|Methods and techniques|
By the designed quality (also known as: quality of design, design for quality, quality of type) we understand the extent to which quality standard described in the product design meets the expectations of users (consumers). The quality of the product generally consists of:
- designed quality and
- quality of conformance (quality of production).
There is a relation between designed quality, technical level and quality costs:
- The higher the designed quality, at the technical level, the quality costs are higher, due to the increase in the cost of good quality.
- Technological advances can, however, cause a reduction in production costs and the improvement of the designed quality will be accompanied by quality cost reduction.
Improvement of technology must be accompanied by economic calculation. We must remember that quality is a relative concept, depending not only on the characteristics of the product, but also the needs and financial possibilities of the recipient. Therefore also the relationship as well as price elasticity of demand with respect to quality, must be assessed in a way or estimated separately for each group of recipients.
To achieve high quality of design, enterprise should use appropriate methods, like Failure Mode and Effects Analysis or Quality Function Deployment. In case of services, designed quality can be improved using SERVQUAL method.
Rules of design for quality
D.M. Anderson in his book proposed rules of design for quality:
- Observe quality and reliability design guidelines.
- Raise and resolve issues early.
- Use Multi-functional teamwork.
- Utilize Quality Function Deployment.
- Do thorough up-front work.
- Simplify the design.
- Minimize the exponential cumulative effect of part quality and quantity.
- Select the highest quality processing.
- Optimize tolerances (Taguchi method → Quality loss function).
- Utilize Poka yoke, prevent mistakes by design.
- Proactively minimizing all types of risk.
- Base metrics and compensation on Total Cost and Time to Stable Production.
- Reusing proven designs.
- Document thoroughly and completely.
- Thoroughly design the product right the first time.
Designed quality according to W. Edwards Deming
William Edwards Deming recommended the focus of the company on a long-term planning. He considered that its absence creates a major obstacle to the development of the organization in a competitive market. Long-term planning should include within its scope primarily:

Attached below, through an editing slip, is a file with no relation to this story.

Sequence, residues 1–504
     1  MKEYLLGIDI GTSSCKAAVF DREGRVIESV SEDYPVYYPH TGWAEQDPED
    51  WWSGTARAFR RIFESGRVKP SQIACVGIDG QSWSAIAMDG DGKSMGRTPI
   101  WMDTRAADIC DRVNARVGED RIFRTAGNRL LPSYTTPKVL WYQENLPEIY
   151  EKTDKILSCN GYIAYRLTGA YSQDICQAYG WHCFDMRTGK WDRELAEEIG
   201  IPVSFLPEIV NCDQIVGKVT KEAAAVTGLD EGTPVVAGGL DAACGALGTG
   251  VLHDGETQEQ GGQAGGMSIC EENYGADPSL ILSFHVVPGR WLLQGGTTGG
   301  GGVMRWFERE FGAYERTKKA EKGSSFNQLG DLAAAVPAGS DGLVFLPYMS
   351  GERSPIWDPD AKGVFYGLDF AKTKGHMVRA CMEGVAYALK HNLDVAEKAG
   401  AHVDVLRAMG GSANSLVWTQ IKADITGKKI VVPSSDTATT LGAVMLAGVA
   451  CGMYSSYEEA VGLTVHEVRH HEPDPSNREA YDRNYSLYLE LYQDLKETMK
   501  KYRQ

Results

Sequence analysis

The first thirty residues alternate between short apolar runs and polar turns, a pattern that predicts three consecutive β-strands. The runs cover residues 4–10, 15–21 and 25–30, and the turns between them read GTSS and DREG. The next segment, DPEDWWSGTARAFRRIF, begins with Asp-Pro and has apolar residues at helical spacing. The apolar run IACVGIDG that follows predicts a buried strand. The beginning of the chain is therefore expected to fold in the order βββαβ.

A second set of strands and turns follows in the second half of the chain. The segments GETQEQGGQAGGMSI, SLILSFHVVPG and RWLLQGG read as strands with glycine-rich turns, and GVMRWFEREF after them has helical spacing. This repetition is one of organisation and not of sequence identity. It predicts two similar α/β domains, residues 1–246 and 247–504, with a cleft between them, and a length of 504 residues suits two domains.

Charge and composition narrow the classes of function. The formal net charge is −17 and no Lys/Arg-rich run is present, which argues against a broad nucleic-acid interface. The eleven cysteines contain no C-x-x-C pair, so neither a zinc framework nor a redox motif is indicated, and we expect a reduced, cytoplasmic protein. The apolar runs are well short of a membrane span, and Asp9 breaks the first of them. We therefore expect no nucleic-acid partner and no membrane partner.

- attractive new products and services,
- new materials for the production of those products,
- new production technologies,
- new professions and qualifications structure of the crew in conjunction with its recruitment,
- costs of production, market organization and user support,
- modernization of products and services in conjunction with the system of incentives and improving training,
- allocations of funds for the operation and development of fixed assets.
The starting point of long-term planning is to determine the level of designed quality, new products and services attractive on future market. This is the source of success.
New concepts improvement of designed quality
New concepts improve the designed quality arise from three sources:
- marketing research that should provide information on the desirable traits of individual products and their intensity in different markets, allowing them to redesign in order to improve their level of quality,
- inventions and improvements in process technology and product being the result of basic scientific discoveries that create the possibility of re-manufactured products, or design a new product in search of better meet the needs of a competitive market,
- announcement and introduction of new critical requirements (marginal) product posed by law (eg. the directive called. 'New Approach', European standards, etc.) compels the producer to seek new solutions in the field of production technology, products and their use.
- D.M. Anderson, Design for Manufacturability: How to Use Concurrent Engineering to Rapidly Develop Low-Cost, High-Quality Products for Lean Production 2014
- Bansiya J, Davis CG (2002) A hierarchical model for object-oriented design quality assessment, Software Engineering, IEEE Transactions on, 28:1
- Gann D, Saiter A, Whyte J (2003) Design Quality Indicator as a tool for thinking, Building Research & Information, Volume 31, Issue 5
- Latzko W.J., Sanders D.M., Four days with dr. Deming, 1998